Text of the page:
Lawyers have a love-hate relationship with the billable hour. As it turns out so do our clients.
Lawyers love to hate the billable hour — our days and sadly our lives have been measured in terms of our yearly, monthly, weekly, and daily targets. We know how much time we needed to bill on a weekly if not daily basis to meet our targets. These targets may be imposed by our firms (with weekly reminders) or by ourselves (with constant reminders).
The billable hour is a form of economic tyranny that has controlled most lawyers’ working and personal lives. Recording our time; getting our time in; billing out our time; collecting for time billed — these are our preoccupations. We hate reducing our relationship with our clients to billable units but are nervous about changing our billing model.
And as it turns out, for good reason. When I decided to start my own securities firm a year ago, which was in part based on the eradication of the billable hour, I felt elated, freed. Now I could have a “normal” relationship with my clients based on the services I provided and not the time it took to provide them.
The last year has provided me with some interesting insights into both lawyers’ relationship with clients and the “end of the billable hour.”
Clients don’t really care about the billable hour. They just want to pay less for the same services. They don’t really care if we track our hours or offer a flat fee for our professional services. They are looking for the same quality and firm service at a greatly reduced price (and who could blame them?).
But clients are suspicious of flat fees. They don’t believe they will get the same service for a flat fee retainer as they would if they were charged a hourly rate. This is possibly due to the fact we as a profession have done an excellent job of convincing clients we can’t do it any other way.
Clients still want a break down of how we spend our time on their matters and to know they got value for their money even if they are being charged a flat fee.
As a result, coming up with a flat fee is a nerve-racking and stress-provoking exercise for both the lawyer and the client. We need to set a fee that will compensate us for the tasks undertaken but will not result in sticker shock for the client.
As it turns out honesty is not always the best policy for attracting new work. Even a flat fee based on a discounted price over an hourly rate can result in sticker shock for a client. A detailed outline of the steps necessary to complete a task with a break down of fees associated with it can be enough for a client to reconsider their plans. It can also results in the client going across the street to a firm that charges on an hourly basis and where the need for price transparency is not as critical.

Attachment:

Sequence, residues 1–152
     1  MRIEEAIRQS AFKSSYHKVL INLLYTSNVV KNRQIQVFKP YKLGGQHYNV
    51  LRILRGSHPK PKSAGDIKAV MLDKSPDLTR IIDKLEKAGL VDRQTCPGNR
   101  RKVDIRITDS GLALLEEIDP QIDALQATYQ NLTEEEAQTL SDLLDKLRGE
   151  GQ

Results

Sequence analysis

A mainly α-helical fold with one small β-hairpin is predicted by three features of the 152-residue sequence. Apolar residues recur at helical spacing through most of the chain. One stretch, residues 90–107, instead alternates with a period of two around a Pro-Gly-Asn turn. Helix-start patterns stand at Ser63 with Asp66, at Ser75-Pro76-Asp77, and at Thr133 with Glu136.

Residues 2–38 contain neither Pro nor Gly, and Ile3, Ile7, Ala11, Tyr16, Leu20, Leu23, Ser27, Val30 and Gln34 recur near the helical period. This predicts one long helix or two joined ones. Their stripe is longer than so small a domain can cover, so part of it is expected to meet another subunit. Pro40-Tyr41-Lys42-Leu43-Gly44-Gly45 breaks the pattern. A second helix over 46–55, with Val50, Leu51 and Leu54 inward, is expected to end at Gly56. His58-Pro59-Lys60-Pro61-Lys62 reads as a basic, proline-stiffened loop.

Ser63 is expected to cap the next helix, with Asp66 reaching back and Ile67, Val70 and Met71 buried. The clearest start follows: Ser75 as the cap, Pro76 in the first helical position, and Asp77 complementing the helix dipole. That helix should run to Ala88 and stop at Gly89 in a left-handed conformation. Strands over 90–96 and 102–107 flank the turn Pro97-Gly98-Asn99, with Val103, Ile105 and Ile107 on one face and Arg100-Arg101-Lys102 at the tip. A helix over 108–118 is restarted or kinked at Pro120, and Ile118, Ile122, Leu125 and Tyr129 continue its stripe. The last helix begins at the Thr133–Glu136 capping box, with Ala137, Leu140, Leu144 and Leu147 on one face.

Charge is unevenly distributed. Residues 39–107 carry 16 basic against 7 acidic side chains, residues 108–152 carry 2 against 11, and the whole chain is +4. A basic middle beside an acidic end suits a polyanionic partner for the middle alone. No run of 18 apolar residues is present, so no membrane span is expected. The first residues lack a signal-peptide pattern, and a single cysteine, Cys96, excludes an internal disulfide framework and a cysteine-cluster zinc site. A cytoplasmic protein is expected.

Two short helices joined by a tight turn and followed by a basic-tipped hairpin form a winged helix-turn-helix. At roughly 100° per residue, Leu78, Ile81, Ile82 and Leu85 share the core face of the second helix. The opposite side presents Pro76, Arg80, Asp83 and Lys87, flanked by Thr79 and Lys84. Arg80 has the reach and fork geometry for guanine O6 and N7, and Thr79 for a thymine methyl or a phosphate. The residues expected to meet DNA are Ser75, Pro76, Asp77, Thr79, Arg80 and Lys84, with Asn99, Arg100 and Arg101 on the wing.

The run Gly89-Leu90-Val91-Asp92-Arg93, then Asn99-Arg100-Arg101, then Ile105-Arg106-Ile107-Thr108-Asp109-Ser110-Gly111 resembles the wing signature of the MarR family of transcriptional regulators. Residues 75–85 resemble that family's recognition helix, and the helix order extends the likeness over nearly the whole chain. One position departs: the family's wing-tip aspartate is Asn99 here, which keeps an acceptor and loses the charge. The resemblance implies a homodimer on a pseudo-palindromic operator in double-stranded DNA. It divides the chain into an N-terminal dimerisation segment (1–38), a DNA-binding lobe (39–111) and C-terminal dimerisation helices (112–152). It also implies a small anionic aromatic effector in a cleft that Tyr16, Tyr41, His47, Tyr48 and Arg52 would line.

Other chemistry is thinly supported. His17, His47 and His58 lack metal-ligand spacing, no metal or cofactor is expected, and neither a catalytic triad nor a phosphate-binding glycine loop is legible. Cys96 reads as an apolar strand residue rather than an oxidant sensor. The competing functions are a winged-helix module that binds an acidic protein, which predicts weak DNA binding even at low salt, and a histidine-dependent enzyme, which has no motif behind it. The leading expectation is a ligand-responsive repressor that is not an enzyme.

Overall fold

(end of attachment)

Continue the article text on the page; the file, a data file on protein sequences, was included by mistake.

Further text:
Clients are generally not pleased when they find out a fixed fee only applies to matters covered by the legal management plan and they might have to pay an additional fixed fee or an hourly fee to cover the extra services; unnecessary communications are discouraged; they have less control over who works on their files; an advance cash retainer is required; and fees are payable anyways on a monthly or interim basis.
Clients still want high-quality legal services and we have a professional obligation to provide them with the same services. The fact our fees are set or lower or limited in scope does not change our professional obligations to our clients.
In my experience so far, the success of alternative billing arrangements is dependent on a number of factors:
• Careful screening of clients. “Demanding” clients or clients who need constant hand holding will not be good candidates for a fixed retainer.
• Open and frank communication at the beginning of the retainer on all matters related to the retainer and the payment of fees is necessary. Explicit buy in by the client to the new form of billing and any impacts on the relationship is critical.
• Complete and thorough understanding of the legal issues underlying the retainer and the client’s required services before you undertake the retainer is required. Obviously this is not always possible and so fixed retainers are not always advisable.
• A carefully drafted retainer agreement that properly and fairly limits the scope of the retainer in terms of services to be provided and timelines for the completion of the services is needed.
• Having access to legal service providers who are expert or experienced in the areas of the legal services to be provided is essential. The fixed retainer model is, for the most part, inconsistent with a training model (i.e. articling students or junior associates).
• A no-frills approach to providing legal services — from the artwork (or lack thereof) to employee benefits is needed.
• A compensation structure for service providers that is tied to the overall profitability of the firm (and not tied to individual collections) is needed — eureka team work!
• An upfront cash retainer proportionate to the size of the total retainer and periodic billing as the services are provided is also critical.
We are told our clients hate billable hours, however what they really hate are the business structures billable hours have created. They actually have come to know and love the benefits and services the billable hour model provides to them.
Our challenge is to meet client demands for reduced costs and manage their expectations re service levels, all the while providing high-quality legal services in these stressful economic times.
Barbara Hendrickson is the principal of BAX Securities Law in Toronto.